Greece is "excessively" dependent on aerial fire-fighting and suffers from poor coordination, experts said on Thursday in a study of the country's worst fire tragedy that claimed 100 lives in July.
The committee of forestry and safety engineering experts from some of Greece's leading universities was ordered formed by Prime Minister Alexis Tsipras after the July 23 wildfire in the coastal resort of Mati.
Their report on Thursday said there was a "lack of cooperation" between agencies, "especially between the fire brigade and the forest service."
A total of 45 authorities would have to be coordinated in a common framework, the experts said, noting volunteers were poorly utilised and firemen used urban techniques in rural fires.
The report said that millions of euros spent on fire-fighting equipment over past decades had not eliminated dangers and that fire prevention had to be stepped up.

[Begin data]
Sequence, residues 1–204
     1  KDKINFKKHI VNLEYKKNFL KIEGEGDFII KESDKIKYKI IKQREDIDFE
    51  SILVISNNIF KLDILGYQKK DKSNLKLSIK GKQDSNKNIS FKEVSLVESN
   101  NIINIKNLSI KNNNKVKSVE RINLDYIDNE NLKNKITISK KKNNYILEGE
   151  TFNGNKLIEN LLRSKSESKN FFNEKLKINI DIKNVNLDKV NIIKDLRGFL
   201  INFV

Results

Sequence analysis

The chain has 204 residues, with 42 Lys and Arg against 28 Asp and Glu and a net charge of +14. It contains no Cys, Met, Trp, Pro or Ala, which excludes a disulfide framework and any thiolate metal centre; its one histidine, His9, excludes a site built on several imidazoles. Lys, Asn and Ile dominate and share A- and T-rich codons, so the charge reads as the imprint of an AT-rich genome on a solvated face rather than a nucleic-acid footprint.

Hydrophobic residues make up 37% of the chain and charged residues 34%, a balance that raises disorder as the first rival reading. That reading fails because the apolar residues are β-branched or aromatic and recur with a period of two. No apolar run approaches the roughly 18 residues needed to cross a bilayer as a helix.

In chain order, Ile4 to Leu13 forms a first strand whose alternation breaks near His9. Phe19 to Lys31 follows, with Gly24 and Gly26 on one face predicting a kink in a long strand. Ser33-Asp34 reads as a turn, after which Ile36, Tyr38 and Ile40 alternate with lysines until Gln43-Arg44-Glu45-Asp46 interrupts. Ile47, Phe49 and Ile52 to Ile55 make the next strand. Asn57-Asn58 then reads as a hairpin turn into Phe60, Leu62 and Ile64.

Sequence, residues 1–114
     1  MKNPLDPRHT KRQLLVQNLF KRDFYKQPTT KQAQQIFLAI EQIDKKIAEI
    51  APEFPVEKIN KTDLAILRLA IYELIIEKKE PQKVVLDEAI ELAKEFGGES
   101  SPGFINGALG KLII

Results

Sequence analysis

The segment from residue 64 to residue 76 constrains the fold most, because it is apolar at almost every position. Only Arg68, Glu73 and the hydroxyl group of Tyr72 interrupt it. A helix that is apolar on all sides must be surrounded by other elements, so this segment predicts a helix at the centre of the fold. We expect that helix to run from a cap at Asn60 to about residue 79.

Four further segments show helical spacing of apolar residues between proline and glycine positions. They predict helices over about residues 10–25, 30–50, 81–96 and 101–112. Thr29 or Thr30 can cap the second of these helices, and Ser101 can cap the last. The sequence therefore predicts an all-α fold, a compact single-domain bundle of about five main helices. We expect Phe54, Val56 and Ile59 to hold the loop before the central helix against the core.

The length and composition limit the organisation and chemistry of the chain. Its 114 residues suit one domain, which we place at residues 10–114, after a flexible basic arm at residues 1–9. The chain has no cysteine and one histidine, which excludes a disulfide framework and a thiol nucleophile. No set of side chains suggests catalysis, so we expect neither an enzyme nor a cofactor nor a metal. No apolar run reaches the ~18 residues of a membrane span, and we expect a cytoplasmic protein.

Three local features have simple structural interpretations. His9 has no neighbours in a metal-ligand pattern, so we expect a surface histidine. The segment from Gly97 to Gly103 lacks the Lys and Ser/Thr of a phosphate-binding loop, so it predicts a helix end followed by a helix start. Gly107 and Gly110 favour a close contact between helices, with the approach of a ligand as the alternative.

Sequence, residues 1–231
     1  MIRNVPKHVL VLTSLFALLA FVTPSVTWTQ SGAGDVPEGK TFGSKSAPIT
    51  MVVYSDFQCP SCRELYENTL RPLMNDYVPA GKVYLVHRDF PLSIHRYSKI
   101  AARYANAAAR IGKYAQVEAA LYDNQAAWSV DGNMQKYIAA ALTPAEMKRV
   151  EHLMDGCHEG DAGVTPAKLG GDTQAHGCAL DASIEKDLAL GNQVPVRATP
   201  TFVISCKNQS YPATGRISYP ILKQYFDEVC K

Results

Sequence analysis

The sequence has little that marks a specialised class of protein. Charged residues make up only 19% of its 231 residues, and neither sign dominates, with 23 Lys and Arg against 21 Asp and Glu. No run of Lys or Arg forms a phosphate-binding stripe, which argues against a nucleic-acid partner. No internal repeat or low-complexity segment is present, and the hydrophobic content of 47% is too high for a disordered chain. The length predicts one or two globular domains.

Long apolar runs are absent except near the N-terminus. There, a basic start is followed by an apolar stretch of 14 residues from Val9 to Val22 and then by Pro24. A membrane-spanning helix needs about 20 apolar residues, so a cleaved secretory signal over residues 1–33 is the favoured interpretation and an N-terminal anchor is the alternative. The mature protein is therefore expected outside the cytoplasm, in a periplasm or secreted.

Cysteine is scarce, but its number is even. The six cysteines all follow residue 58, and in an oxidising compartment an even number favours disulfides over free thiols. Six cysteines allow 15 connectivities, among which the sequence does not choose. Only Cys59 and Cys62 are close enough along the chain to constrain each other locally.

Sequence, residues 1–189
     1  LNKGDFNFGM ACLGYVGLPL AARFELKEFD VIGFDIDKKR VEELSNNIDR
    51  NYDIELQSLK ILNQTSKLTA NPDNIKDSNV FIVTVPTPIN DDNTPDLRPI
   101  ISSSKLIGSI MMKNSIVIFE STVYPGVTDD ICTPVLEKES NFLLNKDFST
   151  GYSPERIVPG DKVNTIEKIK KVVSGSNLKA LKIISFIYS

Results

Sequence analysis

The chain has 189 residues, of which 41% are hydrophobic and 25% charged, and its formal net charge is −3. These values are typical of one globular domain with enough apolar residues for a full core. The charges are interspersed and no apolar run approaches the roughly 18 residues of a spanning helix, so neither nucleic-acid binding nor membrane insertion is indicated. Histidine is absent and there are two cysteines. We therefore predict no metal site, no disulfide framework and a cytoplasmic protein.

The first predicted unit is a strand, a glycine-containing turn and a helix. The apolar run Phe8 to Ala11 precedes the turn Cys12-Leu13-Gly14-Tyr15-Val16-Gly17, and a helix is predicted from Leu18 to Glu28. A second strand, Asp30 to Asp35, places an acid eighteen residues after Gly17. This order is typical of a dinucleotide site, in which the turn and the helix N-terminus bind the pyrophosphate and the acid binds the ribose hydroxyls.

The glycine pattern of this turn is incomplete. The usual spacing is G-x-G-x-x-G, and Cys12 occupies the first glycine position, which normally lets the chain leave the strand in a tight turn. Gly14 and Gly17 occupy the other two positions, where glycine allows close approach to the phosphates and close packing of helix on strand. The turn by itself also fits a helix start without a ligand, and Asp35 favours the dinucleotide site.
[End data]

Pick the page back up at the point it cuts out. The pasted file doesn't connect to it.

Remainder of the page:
"Without wildland management, the problem of landscape fires will increase... overcoming any (efforts) to strengthen the (response) mechanism," said the report.
The committee is headed by Johann Goldammer, director of the Freiburg-based Global Fire Monitoring Center.
July's disaster was followed by infighting between the police and the fire brigade, who initially insisted the state response had been well-managed and blamed the high death toll on winds of up to 120 kilometres (75 miles) an hour.
Local residents received no warning and instead of being sent away from the fire zone, many passing drivers were mistakenly diverted into its path and died trapped in Mati's narrow streets.
Four senior officials including the minister responsible for the police and the heads of the police and fire brigade were removed from their posts.
A judicial investigation into possible faults by state and local officials is ongoing.